The appellant's case before the Tribunals was that the so-called closure of the business was merely a camouflage and was in substance and essence, a lock out. In support of this contention the appellant pleaded that the respondent was making large profits in its business, that no economic or financial reasons could have impelled it to close down its business and the true reason of the supposed closure was to victimize the workers for their Trade Union activities and to defeat the rights which flowed out of the Award given by the Industrial Court, Madhya Pradesh, on March 16, 1966, under which the workers were entitled to receive enhanced dearness allowance The two Tribunals came to contrary conclusion on the principal question as to whether they had jurisdiction to inquire into the propriety of or justification for the closure. The Central Government Industrial Tribunal-cum- Labour Court held by its award dated July 3, 1968 that it had no jurisdiction to inquire whether the decision of the management to close down the business was proper and justified but that it was entitled to consider whether, in fact, the business was closed. On the other hand, the Industrial Court, by its award dated p November 15, 1968 held that it had no jurisdiction either to inquire into the propriety of the closure or, because of the terms of reference, to consider whether there was or was not a real closure.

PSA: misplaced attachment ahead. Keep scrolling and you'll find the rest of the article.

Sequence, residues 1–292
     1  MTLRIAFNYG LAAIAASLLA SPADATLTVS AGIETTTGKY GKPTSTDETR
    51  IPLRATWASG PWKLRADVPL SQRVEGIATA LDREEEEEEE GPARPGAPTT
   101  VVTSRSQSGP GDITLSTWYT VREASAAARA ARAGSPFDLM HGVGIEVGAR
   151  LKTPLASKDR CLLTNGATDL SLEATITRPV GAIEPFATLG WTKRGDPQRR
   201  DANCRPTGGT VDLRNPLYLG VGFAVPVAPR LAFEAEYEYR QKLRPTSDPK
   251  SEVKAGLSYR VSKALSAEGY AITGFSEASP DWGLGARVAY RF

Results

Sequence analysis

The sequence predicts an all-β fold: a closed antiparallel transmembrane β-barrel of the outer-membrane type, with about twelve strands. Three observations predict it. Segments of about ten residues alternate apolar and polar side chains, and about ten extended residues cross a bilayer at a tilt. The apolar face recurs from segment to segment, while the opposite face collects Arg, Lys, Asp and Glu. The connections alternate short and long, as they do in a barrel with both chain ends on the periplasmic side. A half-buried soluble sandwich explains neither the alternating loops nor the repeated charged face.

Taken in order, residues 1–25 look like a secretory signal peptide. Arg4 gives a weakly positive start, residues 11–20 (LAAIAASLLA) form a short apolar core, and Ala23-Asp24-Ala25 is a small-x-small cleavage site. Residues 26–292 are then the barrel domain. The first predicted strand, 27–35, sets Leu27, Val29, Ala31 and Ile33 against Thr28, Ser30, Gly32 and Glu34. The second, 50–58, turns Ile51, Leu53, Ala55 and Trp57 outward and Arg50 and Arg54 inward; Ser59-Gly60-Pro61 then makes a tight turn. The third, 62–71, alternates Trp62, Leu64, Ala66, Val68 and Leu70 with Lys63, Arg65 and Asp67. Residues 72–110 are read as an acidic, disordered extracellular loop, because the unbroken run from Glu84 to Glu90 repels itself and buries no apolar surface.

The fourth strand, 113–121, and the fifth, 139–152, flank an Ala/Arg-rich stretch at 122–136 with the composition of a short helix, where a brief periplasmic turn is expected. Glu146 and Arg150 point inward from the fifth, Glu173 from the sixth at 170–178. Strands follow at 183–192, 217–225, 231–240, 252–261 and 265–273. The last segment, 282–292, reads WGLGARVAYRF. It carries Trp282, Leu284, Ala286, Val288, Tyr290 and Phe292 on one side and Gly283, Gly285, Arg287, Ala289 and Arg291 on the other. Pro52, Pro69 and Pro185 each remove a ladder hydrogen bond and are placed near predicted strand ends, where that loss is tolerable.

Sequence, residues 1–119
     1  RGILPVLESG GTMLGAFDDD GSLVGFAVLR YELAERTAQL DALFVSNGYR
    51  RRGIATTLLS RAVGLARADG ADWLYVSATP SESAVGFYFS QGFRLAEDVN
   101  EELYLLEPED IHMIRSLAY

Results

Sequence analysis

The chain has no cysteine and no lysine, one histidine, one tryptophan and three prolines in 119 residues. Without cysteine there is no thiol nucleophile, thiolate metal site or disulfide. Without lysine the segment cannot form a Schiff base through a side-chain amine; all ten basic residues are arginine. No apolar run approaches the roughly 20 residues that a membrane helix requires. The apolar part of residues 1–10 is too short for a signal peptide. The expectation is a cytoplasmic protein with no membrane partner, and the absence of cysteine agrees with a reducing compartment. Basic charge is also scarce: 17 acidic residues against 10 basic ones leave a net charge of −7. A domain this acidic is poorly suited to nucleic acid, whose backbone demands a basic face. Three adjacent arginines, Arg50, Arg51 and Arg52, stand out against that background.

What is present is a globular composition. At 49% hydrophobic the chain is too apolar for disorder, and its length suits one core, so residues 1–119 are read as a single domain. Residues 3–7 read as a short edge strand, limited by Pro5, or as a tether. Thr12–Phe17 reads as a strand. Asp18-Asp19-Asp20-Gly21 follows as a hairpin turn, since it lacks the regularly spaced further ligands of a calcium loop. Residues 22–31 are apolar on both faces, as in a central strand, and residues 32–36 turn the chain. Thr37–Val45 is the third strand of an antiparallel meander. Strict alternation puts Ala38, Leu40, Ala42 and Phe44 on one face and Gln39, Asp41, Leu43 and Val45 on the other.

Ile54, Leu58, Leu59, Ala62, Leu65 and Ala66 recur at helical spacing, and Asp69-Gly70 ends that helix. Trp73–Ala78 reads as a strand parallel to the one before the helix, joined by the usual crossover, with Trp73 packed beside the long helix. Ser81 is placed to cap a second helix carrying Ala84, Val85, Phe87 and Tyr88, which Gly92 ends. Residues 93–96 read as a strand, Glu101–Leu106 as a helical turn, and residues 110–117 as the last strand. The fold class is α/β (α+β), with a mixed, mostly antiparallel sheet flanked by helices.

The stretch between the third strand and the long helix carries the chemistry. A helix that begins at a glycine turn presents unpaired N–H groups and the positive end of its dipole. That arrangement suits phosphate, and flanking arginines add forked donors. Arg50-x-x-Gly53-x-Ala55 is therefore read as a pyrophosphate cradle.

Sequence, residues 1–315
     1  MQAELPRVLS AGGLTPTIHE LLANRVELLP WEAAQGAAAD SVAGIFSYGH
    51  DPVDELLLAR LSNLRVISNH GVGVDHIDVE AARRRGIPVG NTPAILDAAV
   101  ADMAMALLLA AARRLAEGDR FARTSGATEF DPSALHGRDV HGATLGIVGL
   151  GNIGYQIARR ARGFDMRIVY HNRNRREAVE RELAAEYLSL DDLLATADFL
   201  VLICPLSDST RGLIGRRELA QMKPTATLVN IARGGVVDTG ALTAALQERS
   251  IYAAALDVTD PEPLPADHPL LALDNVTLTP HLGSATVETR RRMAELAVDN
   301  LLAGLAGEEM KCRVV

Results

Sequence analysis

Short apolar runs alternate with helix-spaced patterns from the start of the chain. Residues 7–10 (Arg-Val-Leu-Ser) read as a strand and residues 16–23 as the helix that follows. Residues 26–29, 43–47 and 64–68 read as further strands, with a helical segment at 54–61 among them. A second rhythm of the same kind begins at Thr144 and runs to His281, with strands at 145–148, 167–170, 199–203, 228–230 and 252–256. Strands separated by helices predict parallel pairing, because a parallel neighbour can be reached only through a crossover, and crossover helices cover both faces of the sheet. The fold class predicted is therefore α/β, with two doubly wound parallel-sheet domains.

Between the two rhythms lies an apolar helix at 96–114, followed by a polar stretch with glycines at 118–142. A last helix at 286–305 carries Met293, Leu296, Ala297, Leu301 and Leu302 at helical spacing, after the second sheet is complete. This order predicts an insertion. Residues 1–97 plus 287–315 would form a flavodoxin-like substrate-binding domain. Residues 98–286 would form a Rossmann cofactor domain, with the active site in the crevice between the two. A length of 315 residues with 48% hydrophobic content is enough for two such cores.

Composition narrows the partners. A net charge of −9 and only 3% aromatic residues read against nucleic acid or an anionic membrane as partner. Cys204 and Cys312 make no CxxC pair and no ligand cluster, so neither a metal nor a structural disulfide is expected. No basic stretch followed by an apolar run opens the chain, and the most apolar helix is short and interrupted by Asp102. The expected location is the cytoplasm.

As against these decisions, three Writ Petitions were filed in the High Court of Madhya Pradesh, one by the appellant and two by the respondent which were disposed of by the High Court by a common judgment dated April 30, 1970.

Dismissing the Writ Petition filed by the appellant and allowing the Writ Petitions filed by the respondent, it has granted to the appellant a certificate to file an appeal to this Court under Article 133(1) (a) of the Constitution.

Two questions were argued before the High Court: